THE SOULCRAFT WAY
This blog is a reflection for everyone interested in seeking the meaning and the WAY of the SOUL. Bill Plotking’s book mentions the word “Soulcraft”. This is a description of what I call “Soulwork”. I found that very few people really know about the part of us called The Soul. Therefore, I am offering here a summary of Bill’s book: Soulcraft: Crossing into the Mysteries of Nature and Psyche. New World Library. Kindle Edition.
So, what is this phenomenon called SOUL? We can easily identify with our body and our mind, but the soul is an enigma for many. Here is a definition of what Bill is describing as SOUL and then followed by his process of working with the craft that helps us to discover our soul.
“The Soul is a person’s unique purpose or identity, a mythopoetic identity, something much deeper than personality or social-vocational role, an identity revealed and expressed through symbol and metaphor, image and dream, archetype and myth. Some other ways to say this: Soul is the ecological niche, or place, a person was born to occupy but may or may not ever discover or consciously embody”.
Plotkin, Bill. Wild Mind: A Field Guide to the Human Psyche (p. 13). New World Library. Kindle Edition.
SOUL POETRY, MUSIC, CHANTING, AND THE BARDIC TRADITION
Given that the soul prefers to speak in images and symbols, poetry — our own and others — is a natural pathway to soul. Poetry, “soul speech,” brings together the linguistic, linear part of the psyche with the imaginal, holistic part, enlisting the thinking mind in the service of soul, image, and feeling. By immersing ourselves in the rich symbols of verse, we enhance the ego’s ability to converse with soul. The subject matter and style of some poets resonate more with the spiritual descent than do others. David Whyte, Rainer Maria Rilke, Mary Oliver, Jelaluddin Rumi, T. S. Eliot, and others, are extraordinarily soulful. The soul is enlivened and emboldened by poetry such as theirs.
The wound is the place where the Light enters you.
Out beyond ideas of wrongdoing and rightdoing there is a field. I'll meet you there.
When the soul lies down in that grass the world is too full to talk about.
When the soul lies down in that grass the world is too full to talk about.
Stop acting so small. You are the universe in ecstatic motion. RUMI
Poetry, dreams, nature, and soul weave through one another. Dreams are the poems of our souls. Soul is our deepest human nature, the under-dream stream of our lives. Wild nature is the ongoing dream of the earth, and our souls are essential components of that dream. Our individual night dreams are strands of the earth’s dream, just as our bodies are part of earth’s body. Nature offers herself to our senses in images, and poetry conveys those images. Immersion in nature is as effective a way as any to uncover and recover the soul. Soul-resonant poets are visionaries, people who have recovered their soul’s desires and strive to make those desires visible to others. Each one of us has this visionary capacity to sing the song of our souls.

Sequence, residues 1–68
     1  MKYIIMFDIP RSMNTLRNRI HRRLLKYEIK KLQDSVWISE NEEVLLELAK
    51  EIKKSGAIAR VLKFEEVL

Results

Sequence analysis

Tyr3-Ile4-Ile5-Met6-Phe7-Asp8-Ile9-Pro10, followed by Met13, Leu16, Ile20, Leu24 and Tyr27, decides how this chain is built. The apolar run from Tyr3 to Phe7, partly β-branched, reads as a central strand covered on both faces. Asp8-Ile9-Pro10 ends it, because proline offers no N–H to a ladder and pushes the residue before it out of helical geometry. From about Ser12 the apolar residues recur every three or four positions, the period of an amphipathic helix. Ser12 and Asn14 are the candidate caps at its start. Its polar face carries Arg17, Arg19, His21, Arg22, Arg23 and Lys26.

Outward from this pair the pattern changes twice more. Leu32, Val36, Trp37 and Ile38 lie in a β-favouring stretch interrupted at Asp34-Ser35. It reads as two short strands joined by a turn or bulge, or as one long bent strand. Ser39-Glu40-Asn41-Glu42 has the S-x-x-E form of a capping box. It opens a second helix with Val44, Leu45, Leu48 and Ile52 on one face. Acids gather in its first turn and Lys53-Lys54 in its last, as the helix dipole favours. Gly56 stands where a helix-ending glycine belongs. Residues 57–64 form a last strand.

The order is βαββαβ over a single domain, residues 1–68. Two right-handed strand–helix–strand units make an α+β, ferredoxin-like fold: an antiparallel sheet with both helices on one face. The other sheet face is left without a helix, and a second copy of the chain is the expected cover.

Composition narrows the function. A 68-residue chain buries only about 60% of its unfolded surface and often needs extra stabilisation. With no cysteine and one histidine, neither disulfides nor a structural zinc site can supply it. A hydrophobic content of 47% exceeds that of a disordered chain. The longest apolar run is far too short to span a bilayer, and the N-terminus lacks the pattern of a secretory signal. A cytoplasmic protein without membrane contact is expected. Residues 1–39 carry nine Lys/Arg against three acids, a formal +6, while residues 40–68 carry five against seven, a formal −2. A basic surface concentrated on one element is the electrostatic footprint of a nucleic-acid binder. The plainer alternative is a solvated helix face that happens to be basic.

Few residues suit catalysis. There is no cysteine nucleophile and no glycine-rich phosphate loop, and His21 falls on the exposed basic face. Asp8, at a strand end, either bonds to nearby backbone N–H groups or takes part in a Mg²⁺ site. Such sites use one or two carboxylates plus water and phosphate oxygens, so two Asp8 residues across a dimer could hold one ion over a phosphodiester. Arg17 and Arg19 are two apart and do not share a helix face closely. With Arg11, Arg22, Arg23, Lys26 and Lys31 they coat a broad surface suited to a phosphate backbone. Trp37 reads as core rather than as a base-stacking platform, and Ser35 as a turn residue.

There are several body practices, found in cultures the world over, that alter consciousness by shifting the body’s physiological state. These, too, can serve as pathways to soul. Consciousness-altering breathing techniques — from ancient practices such as yogic pranayama to modern disciplines like holotropic breathwork as developed by the transpersonal psychiatrist Stanislav Grof — act literally to inspire us. As we breathe in fully and rapidly, our biochemistry shifts, and we take in and join with the essence of the world. By altering the depth and rhythm of our breath, we can alter our relationship to the world and to ourselves. In addition to their use of breathing techniques, the many schools of yoga offer a great variety of physical postures (asanas) and movement (vinyasa) that not only stretch our bodies but also alter consciousness, thereby providing a doorway to soul.
Fasting, as part of a vision quest or not, is another ancient and common method for altering consciousness. Literally emptying ourselves, we become a more receptive vessel for the gifts of soul. There are at least three ways that fasting works its magic on us. First, fasting (with or without water) for three days or more profoundly affects our nervous system and thus our consciousness. Most people report by the third day an astonishing clarity of perception, thought, feeling, and imagination. For many, hunger disappears, and a refined physical energy and alertness arise. Second, frequent hunger pangs remind our wandering minds to refocus attention on soulful intent. Third, as we grow weaker physically, our ego defences weaken as well. It becomes more difficult to maintain those everyday boundaries separating us from the vast mysteries within and without, the mysteries through which the soul might speak.
THE POWER OF SOULCENTRIC RITUAL